October 10, 2017

Living with human disturbance: conservation physiology of a wild African primate

Living with human disturbance: conservation physiology of a wild African primate

In a world of increasing anthropogenic influence, understanding how rare and specialised species adapt to human-modified landscapes is essential for conservation. Primates face many threats including direct pressure from hunting, human-wildlife conflict and loss of habitat. Increasingly, the new field of conservation physiology is recognising that such threats can also have indirect role through their effect on metabolic markers and processes. Oxidative stress (OS) is one such potent factor. It has been shown to increase in some animals under anthropogenic pressure and can lower fitness by affecting the number and quality of offspring produced. Very few studies of OS have been conducted on primates and none have examined it under conditions of habitat disturbance. Its impact on the health and fitness of such slow-reproducing mammals, while potentially important, is unknown. This study will assess the effect of human disturbance on the OS-physiology of an endangered, endemic primate: the Zanzibar red colobus (Piliocolobus kirkii). By comparing OS levels of individuals from groups that are at and beyond the forest boundary (disturbed habitat) with groups in more remote parts of the forest (undisturbed habitat), we will assess the physiological costs of living in an ecologically novel habitat with high levels of anthropogenic disturbance. This work will provide novel insights to indirect threats to primate populations mediated through physiology. The student will be based at Bangor University and will undertake extensive fieldwork in Zanzibar (primarily at and near Jozani Chwaka Bay National Park). They will study multiple groups of colobus and collect behavioural and ecological data, as well as urine samples (to measure OS). They will gain first-hand experience in conservation practice through our partnership with the Wildlife Conservation Society – Tanzania Program. Laboratory training and analyses of oxidative stress markers will be carried out in collaboration with the University of Exeter.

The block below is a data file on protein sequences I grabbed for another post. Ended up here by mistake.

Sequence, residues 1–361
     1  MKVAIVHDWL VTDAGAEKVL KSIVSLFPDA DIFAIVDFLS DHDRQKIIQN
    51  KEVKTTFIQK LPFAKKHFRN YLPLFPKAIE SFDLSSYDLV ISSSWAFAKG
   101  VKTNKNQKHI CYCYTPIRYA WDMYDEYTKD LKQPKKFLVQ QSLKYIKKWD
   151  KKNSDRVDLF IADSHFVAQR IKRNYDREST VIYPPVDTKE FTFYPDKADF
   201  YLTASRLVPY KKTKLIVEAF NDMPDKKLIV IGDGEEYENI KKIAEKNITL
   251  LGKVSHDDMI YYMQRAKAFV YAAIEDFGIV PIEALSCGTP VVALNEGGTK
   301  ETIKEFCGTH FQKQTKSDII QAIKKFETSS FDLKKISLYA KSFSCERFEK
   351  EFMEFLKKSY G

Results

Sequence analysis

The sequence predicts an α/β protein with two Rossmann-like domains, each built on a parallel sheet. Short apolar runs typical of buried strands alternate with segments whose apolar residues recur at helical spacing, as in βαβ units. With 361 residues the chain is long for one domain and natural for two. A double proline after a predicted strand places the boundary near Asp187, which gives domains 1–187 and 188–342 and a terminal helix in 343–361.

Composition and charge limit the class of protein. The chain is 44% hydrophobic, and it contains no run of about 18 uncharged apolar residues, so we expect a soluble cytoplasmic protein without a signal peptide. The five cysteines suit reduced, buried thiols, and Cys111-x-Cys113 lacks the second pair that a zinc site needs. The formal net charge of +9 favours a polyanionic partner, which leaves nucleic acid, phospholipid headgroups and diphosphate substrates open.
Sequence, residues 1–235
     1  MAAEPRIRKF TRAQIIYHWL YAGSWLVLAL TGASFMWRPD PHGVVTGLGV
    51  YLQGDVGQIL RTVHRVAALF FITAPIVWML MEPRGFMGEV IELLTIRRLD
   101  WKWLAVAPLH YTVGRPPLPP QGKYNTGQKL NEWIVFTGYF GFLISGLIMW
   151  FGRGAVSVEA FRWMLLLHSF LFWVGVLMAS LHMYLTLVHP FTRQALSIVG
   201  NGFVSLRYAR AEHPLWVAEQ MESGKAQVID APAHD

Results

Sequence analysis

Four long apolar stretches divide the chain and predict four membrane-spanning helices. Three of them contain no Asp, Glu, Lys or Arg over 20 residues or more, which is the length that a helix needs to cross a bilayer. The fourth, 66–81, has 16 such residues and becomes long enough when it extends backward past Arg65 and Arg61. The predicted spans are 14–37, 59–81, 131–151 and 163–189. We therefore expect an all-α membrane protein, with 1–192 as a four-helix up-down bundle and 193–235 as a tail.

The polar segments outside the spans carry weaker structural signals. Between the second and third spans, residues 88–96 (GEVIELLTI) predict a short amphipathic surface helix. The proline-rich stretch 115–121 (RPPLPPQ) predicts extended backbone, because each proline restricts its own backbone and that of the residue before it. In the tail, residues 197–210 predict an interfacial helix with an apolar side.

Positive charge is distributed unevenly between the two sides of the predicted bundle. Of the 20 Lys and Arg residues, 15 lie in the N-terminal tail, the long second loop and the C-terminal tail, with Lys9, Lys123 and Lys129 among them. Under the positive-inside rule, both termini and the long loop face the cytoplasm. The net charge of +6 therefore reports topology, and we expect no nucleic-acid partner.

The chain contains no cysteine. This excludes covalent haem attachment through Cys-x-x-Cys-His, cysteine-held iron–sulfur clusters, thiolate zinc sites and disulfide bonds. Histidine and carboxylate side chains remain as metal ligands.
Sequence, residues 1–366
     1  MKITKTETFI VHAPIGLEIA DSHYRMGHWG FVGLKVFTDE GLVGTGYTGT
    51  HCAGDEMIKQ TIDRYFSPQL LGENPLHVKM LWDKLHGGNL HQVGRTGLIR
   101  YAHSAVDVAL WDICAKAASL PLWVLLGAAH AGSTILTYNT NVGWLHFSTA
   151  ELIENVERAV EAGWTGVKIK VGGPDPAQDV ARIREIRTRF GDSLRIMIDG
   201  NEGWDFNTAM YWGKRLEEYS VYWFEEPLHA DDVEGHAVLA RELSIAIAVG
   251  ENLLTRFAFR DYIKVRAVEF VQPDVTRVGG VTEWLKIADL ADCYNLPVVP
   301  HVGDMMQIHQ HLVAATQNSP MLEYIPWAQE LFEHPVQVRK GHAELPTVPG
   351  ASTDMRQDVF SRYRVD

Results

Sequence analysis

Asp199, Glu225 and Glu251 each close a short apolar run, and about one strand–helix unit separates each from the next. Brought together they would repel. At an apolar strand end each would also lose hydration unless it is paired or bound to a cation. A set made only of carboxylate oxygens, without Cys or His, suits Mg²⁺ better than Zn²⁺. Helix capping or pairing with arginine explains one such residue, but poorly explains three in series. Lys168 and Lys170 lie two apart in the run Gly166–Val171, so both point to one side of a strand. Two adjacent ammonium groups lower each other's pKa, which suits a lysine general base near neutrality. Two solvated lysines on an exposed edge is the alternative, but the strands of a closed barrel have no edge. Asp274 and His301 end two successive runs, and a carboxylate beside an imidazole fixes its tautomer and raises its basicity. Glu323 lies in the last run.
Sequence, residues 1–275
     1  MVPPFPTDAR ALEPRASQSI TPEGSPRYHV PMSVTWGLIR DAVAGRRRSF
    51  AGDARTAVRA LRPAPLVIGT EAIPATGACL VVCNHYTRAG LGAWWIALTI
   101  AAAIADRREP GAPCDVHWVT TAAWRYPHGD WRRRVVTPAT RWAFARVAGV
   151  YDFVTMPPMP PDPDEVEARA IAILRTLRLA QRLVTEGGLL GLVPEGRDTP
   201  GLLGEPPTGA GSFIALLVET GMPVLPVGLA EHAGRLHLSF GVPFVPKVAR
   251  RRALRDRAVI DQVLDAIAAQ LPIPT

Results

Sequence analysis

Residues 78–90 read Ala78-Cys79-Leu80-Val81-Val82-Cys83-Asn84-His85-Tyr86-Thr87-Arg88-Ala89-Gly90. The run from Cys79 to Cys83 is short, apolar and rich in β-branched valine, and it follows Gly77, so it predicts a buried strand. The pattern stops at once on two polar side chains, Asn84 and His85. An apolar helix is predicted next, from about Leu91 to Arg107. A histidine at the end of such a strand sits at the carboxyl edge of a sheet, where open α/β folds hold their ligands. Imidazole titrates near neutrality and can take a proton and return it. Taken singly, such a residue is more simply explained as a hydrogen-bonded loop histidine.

Applicants should hold a minimum of a UK Honours Degree at 2:1 level or equivalent in subjects such as Zoology, Animal Behaviour, Biology, Biological/Evolutionary Anthropology or Conservation science.

For further details please contact Dr Alexander Georgiev (Email:; Website: